Virtualisation software vendor Virtual Iron (VI) is looking to undercut established player VMware saying that the cost of VMware's software is hindering the virtualisation market. VI hopes that its cheaper offerings will attract new users.
The company has also just established a significant new partnership: it has joined HP's new invitation-only ProLiant Partner Program - as one of just two charter members, said VI - and HP's BladeSystem Solution Builder Program.
VI's marketing manager Mike Grandinetti said that HP "took VI 3.5 into its labs and tested and validated it on servers and high volume storage arrays - EVA8000 Enterprise Virtual Array and the MSA1000 Modular Smart Array - before inviting us to join".
Trumpeting the superiority of his technology, Grandinetti said: "We can manage 96GB of RAM per virtual server compared to VMware's 16GB, and our enterprise edition is the only enterprise solution with advanced workload migration abilities to move live virtual servers from one physical server to another in real time, such as in the event of hardware failure of some kind. Also the image of the VM can be expanded from 0.1 of a CPU to 8 CPUs simultaneously." VI said that its eponymous version 3.5 hypervisor offers similar functionality to that of VMware ESX Server but at one fifth of the cost; VI 3.5 costs $499.
Taking on VMware
Grandinetti went on to criticise VMware's approach to market. "While VMware was there first, they charge $5,000 per socket for standard server while we're $499 per socket. It's the biggest single barrier to adoption," he said. "VMware has only penetrated five to six per cent of the market because they're too expensive. VMware's approach is puzzling to us," he said.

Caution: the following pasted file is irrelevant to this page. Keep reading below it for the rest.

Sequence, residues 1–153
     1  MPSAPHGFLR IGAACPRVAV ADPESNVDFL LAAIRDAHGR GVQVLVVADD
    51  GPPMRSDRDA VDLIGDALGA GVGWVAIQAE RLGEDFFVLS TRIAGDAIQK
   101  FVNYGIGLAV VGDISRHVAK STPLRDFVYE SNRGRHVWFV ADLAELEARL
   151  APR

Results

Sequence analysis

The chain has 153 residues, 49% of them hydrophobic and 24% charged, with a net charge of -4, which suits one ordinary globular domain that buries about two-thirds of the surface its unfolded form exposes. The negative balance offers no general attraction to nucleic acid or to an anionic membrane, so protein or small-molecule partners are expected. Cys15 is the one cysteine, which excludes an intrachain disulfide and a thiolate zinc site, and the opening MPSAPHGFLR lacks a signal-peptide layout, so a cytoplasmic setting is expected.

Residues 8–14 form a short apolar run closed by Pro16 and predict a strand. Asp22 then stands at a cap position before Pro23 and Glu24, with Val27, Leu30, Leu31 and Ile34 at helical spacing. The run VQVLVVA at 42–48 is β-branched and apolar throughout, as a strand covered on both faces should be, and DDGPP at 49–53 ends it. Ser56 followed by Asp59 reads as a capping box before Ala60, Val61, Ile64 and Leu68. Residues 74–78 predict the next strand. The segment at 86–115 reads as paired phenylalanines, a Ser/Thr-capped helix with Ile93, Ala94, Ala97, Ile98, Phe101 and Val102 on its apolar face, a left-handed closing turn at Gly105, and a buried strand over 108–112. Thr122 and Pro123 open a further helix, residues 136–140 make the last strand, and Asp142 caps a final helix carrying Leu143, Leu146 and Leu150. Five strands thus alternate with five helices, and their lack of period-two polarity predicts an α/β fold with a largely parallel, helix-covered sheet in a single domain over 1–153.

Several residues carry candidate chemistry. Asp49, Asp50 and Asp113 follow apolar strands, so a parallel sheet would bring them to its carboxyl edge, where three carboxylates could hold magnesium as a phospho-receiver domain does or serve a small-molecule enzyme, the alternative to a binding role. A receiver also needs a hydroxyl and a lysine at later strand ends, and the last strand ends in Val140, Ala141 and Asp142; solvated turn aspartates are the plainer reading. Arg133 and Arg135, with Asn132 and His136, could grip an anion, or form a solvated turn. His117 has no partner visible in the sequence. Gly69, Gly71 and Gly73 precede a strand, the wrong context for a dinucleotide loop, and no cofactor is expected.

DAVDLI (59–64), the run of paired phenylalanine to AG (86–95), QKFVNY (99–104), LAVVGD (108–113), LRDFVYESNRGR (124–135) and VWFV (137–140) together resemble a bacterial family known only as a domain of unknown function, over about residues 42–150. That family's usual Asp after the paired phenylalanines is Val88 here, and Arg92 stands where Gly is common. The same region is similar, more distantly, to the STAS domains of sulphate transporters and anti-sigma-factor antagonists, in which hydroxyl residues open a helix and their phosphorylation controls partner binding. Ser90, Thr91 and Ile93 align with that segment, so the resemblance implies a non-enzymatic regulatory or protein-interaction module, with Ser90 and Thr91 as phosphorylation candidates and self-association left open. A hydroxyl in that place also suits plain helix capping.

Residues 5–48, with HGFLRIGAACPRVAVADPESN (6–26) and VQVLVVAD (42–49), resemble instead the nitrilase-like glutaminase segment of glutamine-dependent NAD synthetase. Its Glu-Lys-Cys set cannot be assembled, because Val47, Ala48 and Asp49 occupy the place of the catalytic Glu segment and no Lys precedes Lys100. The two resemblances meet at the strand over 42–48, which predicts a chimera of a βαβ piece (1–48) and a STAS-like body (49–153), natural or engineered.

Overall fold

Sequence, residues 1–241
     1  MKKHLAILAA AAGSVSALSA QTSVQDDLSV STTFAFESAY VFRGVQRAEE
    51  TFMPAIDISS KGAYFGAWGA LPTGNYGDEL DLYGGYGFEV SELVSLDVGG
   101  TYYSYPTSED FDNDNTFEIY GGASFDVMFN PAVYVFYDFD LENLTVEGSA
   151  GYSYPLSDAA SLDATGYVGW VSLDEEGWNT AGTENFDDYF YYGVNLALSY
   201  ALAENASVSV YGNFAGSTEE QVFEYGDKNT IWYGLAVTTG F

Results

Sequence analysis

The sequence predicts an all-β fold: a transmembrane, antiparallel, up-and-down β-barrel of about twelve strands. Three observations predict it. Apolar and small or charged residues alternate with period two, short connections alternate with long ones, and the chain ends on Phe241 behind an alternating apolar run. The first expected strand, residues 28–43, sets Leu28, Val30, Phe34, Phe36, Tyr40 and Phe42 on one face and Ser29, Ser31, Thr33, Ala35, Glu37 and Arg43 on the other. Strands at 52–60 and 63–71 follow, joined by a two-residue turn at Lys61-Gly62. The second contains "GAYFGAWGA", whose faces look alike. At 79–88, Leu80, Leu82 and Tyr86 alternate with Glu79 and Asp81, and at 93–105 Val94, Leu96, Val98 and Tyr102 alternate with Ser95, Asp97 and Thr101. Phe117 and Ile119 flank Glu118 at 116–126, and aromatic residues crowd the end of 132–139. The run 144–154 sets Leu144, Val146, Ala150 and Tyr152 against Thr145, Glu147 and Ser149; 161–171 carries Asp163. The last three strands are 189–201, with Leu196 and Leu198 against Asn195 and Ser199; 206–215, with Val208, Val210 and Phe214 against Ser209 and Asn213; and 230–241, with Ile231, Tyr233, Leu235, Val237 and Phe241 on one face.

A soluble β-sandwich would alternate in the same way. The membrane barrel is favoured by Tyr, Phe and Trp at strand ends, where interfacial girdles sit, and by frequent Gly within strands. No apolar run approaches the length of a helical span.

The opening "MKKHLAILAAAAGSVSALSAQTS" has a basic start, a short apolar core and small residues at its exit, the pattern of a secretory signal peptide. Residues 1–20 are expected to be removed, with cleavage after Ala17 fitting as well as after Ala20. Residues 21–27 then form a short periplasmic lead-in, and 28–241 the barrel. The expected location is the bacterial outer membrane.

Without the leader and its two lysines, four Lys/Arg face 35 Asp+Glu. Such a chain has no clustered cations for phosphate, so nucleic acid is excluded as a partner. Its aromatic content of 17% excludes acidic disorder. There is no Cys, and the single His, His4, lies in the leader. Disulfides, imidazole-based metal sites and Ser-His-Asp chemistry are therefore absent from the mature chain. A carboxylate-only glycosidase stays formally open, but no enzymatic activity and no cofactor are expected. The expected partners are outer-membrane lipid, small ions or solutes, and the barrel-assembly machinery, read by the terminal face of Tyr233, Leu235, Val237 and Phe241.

Why would VMware not want to cream off the top of the market in time-honoured fashion? "We think there's a much more high volume market. The problem is that they're ignoring the mid-market. Look at what happened to Apple who skimmed the cream and ended up with a two per cent market share."
VMware's Reza Malekzadeh said: "HP is a strong VMware partner. It resells our licences, sells our product bundled on its hardware and takes first support calls. You can't have a stronger endorsement than that. We also have a relationship involving technology integration on HP's storage platforms."
VMware has also consistently presented itself as a strong public advocate of virtualisation technology. Responding to VI's comments on VMware's pricing, Malekvadeh said: "They're not comparing our bundled price with theirs. We sell indirectly so our channel partners decide what end user prices are and they sell it as a package. You wouldn't buy a car in pieces - it's the same thing.
"So yes, we're more expensive but the ratio is not five to one. They [Virtual Iron] are about 65 per cent of our price. Also, we made VMware Server free and there have been 1.2 million downloads. We surveyed those customers most of whom said they were new to virtualisation. We're making virtualisation accessible and as pervasive as possible."
Virtual Iron started up in January 2005 and makes hardware virtualisation software that requires CPU hardware assist in the form of Intel's VT or AMD's equivalent.
VMware meanwhile remains on HP's Strategic Software Vendor list.
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